The Scourge of Online Anonymity
There is a long, rich literary history of writers using pseudonyms. This Economist article describes three reasons writers have chosen to writer under an assumed name:
Many people write under an assumed name. Indeed all the columnists for The Economist—Bagehot, Lexington, Schumpeter and the like—write under inherited pseudonyms. For novelists this practice has long been widespread. In the 19th century Mary Ann Evans took on the name George Eliot in order to separate her novels, such as “Adam Bede” and “Middlemarch”, from flowery female-novelist stereotypes. In America around the same time Samuel Langhorne Clemens published fiction under the name Mark Twain (pictured above, with Eliot and Ms Rowling). Novelists who want to write crime fiction on the side have long masked their identities. John Banville, an Irish novelist who won the Man Booker prize in 2005, writes crime novels as Benjamin Black. Julian Barnes, another Man Booker-winning author, writes thrillers as Dan Kavanagh. And crime writers themselves may also take on different personas. When Agatha Christie, one of the masters of the dagger-and-cyanide genre, wanted to write romantic fiction, she did so as Mary Westmacott. Patricia Highsmith, the author of “The Talented Mr Ripley”, a gruesome thriller of swapped identities, published “The Price of Salt”, a lesbian romance, under the name Claire Morgan.
Three main reasons spurred these writers to take the name of someone else. A pseudonym gives them the liberty to write things they might not otherwise feel able to. It gives them an opportunity to be taken seriously, something especially important to female authors in a world of Victorian male critics, or to dabble in a genre that, despite the work of great crime writers like Raymond Chandler, is still not really considered to be proper literature. Most of all, a pen-name distances established authors from their previous work.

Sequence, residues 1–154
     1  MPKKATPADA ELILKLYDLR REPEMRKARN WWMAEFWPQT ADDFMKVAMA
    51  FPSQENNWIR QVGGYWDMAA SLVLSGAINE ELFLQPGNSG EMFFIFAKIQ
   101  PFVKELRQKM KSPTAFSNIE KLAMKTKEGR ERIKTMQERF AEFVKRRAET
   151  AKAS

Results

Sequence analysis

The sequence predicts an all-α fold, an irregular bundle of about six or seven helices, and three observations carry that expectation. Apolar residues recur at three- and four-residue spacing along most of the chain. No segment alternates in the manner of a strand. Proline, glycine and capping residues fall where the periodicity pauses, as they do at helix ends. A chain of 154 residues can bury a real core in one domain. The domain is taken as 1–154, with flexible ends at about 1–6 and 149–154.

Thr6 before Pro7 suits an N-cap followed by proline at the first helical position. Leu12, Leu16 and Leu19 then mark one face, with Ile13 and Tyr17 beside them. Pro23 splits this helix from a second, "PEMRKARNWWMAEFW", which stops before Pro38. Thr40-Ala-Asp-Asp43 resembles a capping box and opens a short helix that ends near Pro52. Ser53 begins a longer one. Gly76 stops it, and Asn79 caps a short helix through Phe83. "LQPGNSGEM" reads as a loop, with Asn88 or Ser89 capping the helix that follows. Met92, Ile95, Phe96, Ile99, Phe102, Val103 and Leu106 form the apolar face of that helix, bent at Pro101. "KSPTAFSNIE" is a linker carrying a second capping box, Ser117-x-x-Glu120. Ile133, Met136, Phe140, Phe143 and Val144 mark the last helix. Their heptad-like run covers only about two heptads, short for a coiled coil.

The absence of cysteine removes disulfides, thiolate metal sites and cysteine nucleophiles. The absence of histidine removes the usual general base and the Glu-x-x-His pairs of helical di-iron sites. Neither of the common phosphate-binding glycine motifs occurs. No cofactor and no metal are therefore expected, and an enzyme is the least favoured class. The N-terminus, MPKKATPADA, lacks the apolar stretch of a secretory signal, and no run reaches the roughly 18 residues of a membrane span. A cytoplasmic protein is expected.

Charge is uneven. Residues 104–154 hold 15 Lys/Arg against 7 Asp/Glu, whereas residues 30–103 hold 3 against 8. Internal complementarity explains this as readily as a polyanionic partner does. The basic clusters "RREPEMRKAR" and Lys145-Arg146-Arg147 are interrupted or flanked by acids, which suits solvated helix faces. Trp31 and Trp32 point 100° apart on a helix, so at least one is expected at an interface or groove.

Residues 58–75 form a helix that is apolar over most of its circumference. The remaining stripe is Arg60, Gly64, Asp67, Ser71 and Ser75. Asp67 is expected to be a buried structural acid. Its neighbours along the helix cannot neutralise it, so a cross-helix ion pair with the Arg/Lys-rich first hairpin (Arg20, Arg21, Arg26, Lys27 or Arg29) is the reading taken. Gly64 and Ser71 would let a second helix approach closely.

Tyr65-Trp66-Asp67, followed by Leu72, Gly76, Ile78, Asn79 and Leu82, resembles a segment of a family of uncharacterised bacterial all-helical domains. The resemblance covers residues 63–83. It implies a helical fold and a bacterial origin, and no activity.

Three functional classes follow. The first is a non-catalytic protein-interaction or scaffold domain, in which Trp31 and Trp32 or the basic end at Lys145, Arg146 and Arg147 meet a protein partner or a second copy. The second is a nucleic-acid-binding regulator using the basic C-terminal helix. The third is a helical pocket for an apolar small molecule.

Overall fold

Anonymity online, specifically the anonymous comments on articles and blog posts, is a different creature, and I can understand why Don Pogreba would gravitate toward the conclusion that “…anonymity is an overall negative for online discourse” in a post titled The Psychology of Online Comments.
But if you read the whole post, it turns out that it’s not necessarily anonymity that Don has a problem with, but the cumulative negative tone anonymous commenters contribute to, something to do with a phenomenon called the disinhibition effect. After a quote, Don then says this:
While I have considered moving to the Facebook platform to make comments more likely to be associated with real identities, the most important issue seems to be one of climate, not one of anonymity or individual rude behavior. If the climate of the comments section is hostile, it will encourage more hostile comments—and I am simply tired of dealing with them. I’m also tired of getting drawn into fights that are a profound waste of my time—and embarrassing to be involved in.
It will be interesting to see how Don goes about changing the climate of his comment threads. Already two comments from Mark Tokarski have been removed, but perennial insult artist, Larry Kralj, who referred to John Walsh as a Nazi in this comment thread, still gets free reign.
I addressed Larry Kralj’s ravings at the Cowgirl in this post back in July, and it’s pretty entertaining to reread Don’s comments in that comment thread. Actually, the whole comment thread is worth reading.
I write as “lizard” and publish poems as “William Skink” because it gives me the liberty to write about stuff I wouldn’t necessarily write otherwise, topics like conspiracy culture and illegal drug use. I do take Don’s point that with anonymity comes a greater degree of responsibility, and that’s something I’m going to do my best to remember.
I’m also going to remember that criticizing those in power comes with risks, as one of my fellow contributors can attest to. People in power don’t like being held accountable for their actions, which means, for some people, anonymity provides protection against retribution.
Anyway, thank you to everyone who continues reading this little Montana blog. Without readers, the time I dedicate to keeping this space current and, I would hope, interesting, would be a waste.